Concert-goers will now need tickets to attend two remaining free shows at the racetrack; concert organizers hope the change will help keep traffic manageable.
The traffic jam that nearly shut down Route 96 in Farmington two weeks ago did more than just chafe drivers and challenge law enforcement officers; it also prompted a change in the way event organizers will handle future concerts.
On June 19 an estimated 10,000 or more die-hard fans made it past the gate and into Finger Lakes Casino and Racetrack to see 1970s/80s rock band REO Speedwagon knock out their greatest hits. Another 1,000 or more were turned away before they ever heard a note. All of them clogged intersections and wedged their vehicles into spots on roadsides, neighboring lots and residents’ yards.
It turns out that the traffic tangle may have actually been weather-related, according to FLCR Senior Director of Marketing Steve Martin.
“We can comfortably park enough cars to handle 6,000 concert-goers on a wet day,” said Martin. “We would have had space for another 1,500 cars, if the northwest field wasn’t wet. But we had a lot of rain the week before that show.”
Martin said when that space was lost, people had nowhere to park and it triggered the gridlock and traffic problems.
Calling for backup
To help manage the situation, FLCR contracts with Ontario County sheriff’s deputies for summer concerts to direct traffic as it’s entering and exiting from the highways.
According to Sheriff Philip Povero, parking is predominately FLCR’s issue.
“They contracted for four officers,” said Povero. “The officers did what they could to direct people to appropriate parking, but when they arrived the lots were already filled and people were looking to park their cars on their own."
The four veteran officers realized immediately that the traffic was more than expected and called in six additional officers, Povero said.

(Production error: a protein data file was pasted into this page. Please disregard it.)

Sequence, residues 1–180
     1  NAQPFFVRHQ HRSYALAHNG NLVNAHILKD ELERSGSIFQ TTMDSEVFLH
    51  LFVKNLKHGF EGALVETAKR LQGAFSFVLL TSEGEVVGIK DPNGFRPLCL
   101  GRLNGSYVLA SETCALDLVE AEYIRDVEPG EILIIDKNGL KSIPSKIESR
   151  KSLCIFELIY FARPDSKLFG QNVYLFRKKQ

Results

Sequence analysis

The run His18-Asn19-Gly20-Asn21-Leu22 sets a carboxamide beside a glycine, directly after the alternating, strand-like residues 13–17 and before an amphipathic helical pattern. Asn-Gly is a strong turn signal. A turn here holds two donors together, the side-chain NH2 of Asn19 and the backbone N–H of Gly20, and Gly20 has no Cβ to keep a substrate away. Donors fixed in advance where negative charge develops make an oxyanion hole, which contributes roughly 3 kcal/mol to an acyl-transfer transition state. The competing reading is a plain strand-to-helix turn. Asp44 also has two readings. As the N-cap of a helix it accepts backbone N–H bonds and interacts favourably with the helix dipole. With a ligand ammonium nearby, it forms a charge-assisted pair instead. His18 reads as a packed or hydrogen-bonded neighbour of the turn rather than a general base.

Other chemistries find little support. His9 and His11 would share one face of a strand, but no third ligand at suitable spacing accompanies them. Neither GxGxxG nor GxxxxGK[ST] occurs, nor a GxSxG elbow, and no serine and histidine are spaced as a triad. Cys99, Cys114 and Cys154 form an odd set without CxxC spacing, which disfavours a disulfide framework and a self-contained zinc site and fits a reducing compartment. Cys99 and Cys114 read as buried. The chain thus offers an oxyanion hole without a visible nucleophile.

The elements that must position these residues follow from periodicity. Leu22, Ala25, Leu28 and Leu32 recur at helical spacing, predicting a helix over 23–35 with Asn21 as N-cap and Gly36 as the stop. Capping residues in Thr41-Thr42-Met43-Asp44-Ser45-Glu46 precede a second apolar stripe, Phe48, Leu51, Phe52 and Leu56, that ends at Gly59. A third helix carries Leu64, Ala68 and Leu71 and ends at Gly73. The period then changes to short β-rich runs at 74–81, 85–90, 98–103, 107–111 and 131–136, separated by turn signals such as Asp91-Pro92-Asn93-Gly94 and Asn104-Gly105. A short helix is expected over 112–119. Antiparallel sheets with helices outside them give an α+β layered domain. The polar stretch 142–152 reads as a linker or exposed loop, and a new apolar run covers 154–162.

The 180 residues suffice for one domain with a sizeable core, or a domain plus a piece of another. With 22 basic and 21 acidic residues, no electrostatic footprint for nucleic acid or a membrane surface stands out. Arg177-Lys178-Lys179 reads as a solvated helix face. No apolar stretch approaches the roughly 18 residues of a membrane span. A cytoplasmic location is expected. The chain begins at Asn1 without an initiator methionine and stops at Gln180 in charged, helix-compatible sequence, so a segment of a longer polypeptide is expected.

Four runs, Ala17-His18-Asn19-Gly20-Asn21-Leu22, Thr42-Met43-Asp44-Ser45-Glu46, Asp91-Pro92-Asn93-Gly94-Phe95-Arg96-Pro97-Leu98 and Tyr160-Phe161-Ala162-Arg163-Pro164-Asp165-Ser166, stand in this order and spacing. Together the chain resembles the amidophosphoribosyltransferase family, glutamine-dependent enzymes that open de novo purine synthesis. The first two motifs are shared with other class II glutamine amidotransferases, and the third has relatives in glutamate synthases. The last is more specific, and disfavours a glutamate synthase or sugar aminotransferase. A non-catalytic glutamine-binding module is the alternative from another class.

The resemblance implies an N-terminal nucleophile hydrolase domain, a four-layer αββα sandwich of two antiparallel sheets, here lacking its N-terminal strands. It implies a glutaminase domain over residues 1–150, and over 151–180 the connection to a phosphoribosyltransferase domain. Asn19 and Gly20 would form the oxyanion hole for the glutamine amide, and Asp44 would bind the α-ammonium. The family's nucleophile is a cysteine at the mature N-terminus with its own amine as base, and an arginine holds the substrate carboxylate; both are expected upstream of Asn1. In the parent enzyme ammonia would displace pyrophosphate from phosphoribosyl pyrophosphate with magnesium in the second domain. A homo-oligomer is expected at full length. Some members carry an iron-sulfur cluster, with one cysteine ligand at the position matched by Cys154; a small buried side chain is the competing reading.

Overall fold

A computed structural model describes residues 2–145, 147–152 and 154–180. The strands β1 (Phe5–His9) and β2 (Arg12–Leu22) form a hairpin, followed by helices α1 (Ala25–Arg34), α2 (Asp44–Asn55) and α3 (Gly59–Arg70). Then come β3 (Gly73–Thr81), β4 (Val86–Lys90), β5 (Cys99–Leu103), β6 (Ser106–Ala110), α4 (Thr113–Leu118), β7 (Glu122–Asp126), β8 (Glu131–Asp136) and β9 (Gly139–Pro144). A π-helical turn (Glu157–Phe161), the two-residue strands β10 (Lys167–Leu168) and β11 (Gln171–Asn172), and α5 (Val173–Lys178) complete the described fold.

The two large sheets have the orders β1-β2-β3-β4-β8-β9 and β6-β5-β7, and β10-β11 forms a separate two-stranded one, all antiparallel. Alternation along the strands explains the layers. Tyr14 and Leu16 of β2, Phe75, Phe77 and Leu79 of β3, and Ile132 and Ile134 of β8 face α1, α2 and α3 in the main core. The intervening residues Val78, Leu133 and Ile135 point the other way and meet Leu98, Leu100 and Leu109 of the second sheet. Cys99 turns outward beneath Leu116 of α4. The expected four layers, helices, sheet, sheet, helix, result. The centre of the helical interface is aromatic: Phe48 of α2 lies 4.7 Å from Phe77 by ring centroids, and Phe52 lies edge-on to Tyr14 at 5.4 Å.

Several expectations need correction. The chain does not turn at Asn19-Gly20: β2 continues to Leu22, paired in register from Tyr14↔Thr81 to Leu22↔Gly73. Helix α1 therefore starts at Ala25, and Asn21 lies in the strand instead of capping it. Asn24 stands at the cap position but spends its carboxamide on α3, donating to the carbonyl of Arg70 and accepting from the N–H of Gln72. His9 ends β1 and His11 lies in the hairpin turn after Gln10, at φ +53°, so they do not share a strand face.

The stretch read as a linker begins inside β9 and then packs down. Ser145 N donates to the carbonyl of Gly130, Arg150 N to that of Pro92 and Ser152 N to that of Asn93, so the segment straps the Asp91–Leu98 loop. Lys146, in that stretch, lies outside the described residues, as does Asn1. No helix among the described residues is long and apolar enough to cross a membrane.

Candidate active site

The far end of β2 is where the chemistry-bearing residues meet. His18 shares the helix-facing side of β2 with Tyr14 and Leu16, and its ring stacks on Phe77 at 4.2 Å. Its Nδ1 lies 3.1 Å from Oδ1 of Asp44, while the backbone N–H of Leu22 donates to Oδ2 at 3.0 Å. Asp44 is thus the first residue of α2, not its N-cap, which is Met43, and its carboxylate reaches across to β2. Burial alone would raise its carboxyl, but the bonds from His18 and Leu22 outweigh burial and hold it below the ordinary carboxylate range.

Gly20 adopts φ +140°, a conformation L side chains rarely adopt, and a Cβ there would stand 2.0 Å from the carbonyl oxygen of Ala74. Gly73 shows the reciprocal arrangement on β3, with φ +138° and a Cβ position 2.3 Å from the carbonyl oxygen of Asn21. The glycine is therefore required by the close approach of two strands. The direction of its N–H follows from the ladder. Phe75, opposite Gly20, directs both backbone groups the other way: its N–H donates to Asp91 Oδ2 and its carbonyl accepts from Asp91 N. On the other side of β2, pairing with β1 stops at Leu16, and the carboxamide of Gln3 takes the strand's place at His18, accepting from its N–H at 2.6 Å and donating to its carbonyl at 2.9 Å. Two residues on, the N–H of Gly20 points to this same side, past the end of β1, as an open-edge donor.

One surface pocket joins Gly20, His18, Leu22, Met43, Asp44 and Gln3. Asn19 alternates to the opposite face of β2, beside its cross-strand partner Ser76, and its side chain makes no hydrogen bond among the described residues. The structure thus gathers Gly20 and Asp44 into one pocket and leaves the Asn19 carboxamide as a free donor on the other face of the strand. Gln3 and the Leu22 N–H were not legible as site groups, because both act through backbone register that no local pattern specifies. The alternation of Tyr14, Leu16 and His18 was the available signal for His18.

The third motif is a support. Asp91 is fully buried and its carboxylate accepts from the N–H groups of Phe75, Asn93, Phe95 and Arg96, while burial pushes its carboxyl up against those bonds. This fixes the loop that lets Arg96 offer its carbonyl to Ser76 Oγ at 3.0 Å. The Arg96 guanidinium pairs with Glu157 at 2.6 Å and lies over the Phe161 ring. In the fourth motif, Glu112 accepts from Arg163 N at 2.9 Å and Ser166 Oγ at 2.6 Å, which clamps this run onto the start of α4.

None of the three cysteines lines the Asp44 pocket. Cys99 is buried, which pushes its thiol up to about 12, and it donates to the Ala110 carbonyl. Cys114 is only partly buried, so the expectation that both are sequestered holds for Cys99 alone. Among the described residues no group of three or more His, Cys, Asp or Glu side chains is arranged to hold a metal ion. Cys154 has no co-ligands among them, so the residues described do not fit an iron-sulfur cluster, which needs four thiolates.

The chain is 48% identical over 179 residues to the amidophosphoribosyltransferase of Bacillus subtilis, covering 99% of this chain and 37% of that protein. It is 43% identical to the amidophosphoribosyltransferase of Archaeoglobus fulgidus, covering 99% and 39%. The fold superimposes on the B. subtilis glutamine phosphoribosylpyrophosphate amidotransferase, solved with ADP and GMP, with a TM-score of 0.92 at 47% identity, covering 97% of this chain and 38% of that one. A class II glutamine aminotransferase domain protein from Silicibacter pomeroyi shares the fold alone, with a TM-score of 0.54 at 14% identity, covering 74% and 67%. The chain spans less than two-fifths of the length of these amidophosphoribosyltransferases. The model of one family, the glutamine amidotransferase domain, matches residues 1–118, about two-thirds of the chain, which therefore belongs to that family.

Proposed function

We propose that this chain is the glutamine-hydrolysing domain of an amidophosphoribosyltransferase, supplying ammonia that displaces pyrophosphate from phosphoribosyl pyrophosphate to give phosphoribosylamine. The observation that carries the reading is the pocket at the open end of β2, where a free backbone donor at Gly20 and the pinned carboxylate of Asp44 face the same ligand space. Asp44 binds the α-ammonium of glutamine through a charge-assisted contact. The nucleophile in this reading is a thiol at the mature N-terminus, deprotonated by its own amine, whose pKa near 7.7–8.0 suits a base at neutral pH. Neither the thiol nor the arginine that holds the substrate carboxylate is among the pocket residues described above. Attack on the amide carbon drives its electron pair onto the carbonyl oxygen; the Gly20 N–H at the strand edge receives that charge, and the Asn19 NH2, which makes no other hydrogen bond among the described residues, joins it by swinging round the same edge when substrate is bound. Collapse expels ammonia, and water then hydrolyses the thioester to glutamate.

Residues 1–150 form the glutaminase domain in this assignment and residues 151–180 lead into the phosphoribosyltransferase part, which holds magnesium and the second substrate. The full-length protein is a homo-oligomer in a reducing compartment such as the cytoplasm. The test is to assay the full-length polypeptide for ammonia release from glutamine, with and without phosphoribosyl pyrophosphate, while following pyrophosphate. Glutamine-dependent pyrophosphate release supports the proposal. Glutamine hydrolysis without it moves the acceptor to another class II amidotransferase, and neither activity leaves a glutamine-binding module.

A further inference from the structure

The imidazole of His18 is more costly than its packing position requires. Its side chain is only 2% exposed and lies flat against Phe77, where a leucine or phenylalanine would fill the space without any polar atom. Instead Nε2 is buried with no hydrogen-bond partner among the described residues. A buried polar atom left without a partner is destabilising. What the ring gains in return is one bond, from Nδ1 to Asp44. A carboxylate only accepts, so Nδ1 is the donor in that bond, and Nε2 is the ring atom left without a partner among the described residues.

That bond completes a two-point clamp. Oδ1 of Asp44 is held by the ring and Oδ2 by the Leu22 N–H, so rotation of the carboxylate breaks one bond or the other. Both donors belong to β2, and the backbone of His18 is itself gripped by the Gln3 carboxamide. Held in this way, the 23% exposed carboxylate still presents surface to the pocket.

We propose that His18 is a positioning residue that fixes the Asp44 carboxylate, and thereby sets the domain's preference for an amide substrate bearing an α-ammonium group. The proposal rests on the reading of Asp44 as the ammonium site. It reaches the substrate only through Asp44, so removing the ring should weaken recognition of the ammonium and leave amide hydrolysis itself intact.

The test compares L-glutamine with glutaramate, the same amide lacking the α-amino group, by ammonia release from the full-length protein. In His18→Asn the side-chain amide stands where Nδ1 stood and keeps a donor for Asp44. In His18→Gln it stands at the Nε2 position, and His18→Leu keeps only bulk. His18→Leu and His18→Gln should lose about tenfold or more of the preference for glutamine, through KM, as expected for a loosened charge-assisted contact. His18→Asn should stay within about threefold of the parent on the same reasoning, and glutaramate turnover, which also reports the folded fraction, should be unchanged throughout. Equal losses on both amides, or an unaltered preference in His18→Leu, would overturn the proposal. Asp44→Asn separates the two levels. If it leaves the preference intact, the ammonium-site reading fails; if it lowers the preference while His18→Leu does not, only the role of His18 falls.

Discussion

“They jumped right in and took the bull by the horns,” said Povero. “All told we spent approximately six hours at the racino, with a total of 10 officers before the evening was out.”
The addition cost for backups will be absorbed by FLCR, rather than taxpayers, Povero said.
That’s the ticket
To avoid a repeat performance at the next concert, event organizers at FLCR said fans will now need tickets to get in. Appearances by The Charlie Daniels Band on July 17 and Gretchen Wilson on August 7 will both be free of charge, but tickets will be required at the gate. As of July 2, FLCR reported that all tickets for Charlie Daniels had already been given out and none remained.
“With the recent events that transpired during the last concert, we feel that the ticketing system will enable us to have better control over the events, while also minimizing the impact to the surrounding community,” said FLCR President and General Manager Chris Riegle.
Page 2 of 4 - A total of 6,000 free tickets will be available prior to concerts at “Player Extras,” located on the casino floor at Finger Lakes, or at Entercom Radio — WBEE, WCMF, WBZA, and WPXY — in its High Falls studios and at various remote broadcasts through July 17, Riegle said.
Can FLCR host more than 6,000 concert-goers? Clearly it can, but organizers say it won’t.
Local code allows for 10,000 to attend, including 6,000 seats in the grandstand and the other 4,000 split between a paved “apron” in front and a grass area to the west of the stage, but Martin said he and his staff never want to run into that kind of situation again.
“We regret what happened,” said Martin. “We certainly did not want to cause that much interruption. I think it caught everybody off guard. By putting the whole ticket program in place we can control how many folks we want to have coming. It helps us better prepare for what our staffing needs might be. It also puts a little onus on people to think ahead and get a ticket.”
After the Charlie Daniels Band show, if there are any tweaks or changes Martin wants to make for the Gretchen Wilson show, he can put those into place.
Martin did not expect significant changes to be made in protocol for parking, security or staffing.